If you want to tent camp but do not want to bring your own tent, you can also rent a tent from the individual campsites. Along with tents, campsites also offer sleeping bags and sleeping pads for rent. If you decide to rent a tent, the tent will be set up for you when you arrive at the campsite.
If you don’t mind carrying your own gear, but you don’t want to purchase brand new gear in the U.S. that you might not use again, you can rent your gear in Puerto Natales. It usually costs around $60 USD to rent your gear in Puerto Natales, compared to $200 USD to rent from the campsites.
Booking your accommodation at Torres del Paine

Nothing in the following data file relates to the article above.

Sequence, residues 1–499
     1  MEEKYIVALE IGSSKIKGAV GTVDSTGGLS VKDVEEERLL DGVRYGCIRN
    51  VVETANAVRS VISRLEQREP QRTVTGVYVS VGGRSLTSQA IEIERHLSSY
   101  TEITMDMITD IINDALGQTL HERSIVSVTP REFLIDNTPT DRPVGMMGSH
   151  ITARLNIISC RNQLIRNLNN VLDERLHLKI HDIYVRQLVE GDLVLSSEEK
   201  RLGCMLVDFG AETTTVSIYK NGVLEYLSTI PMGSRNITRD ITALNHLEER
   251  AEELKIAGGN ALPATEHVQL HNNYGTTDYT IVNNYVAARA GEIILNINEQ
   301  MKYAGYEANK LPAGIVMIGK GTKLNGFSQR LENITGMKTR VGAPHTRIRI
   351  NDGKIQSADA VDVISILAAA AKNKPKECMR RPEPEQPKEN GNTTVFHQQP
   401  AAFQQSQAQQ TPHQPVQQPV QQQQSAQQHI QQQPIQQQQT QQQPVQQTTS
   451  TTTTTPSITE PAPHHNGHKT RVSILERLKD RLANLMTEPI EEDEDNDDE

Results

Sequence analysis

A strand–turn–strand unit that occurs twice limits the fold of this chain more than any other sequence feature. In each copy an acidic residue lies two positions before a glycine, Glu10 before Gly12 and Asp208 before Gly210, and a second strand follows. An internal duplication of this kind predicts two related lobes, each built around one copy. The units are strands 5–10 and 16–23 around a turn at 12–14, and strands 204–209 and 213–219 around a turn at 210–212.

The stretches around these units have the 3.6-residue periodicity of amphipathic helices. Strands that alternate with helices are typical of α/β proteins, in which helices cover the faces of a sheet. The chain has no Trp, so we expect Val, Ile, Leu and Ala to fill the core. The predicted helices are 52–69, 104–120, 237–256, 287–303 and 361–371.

Whether you decide to tent camp or stay in a refugio, you must reserve your accommodation in advance. Each year, reservations are becoming more and more competitive. In 2019, reservations filled up about half a year (six months) in advance of peak season. Moving forward, you can only expect reservations to fill up earlier and earlier. For 2020, I would recommend keeping an eye on the online reservations page starting nine months in advance of your intended travel date and booking your accommodations as soon as online reservations open.
While it’s technically illegal for any campsite to turn you away if you do not have somewhere to stay for the night, the last thing you’ll want to do after a long day of hiking is scramble to find somewhere to stay for the night.
There are two companies that own all of the campsites along the W Circuit at Torres del Paine: Vertice Patagonia and Fantastico Sur.
Vertice Patagonia owns the following accommodations along the W Circuit:
- Paine Grande
Fantastico Sur owns the following accommodations along the W Circuit: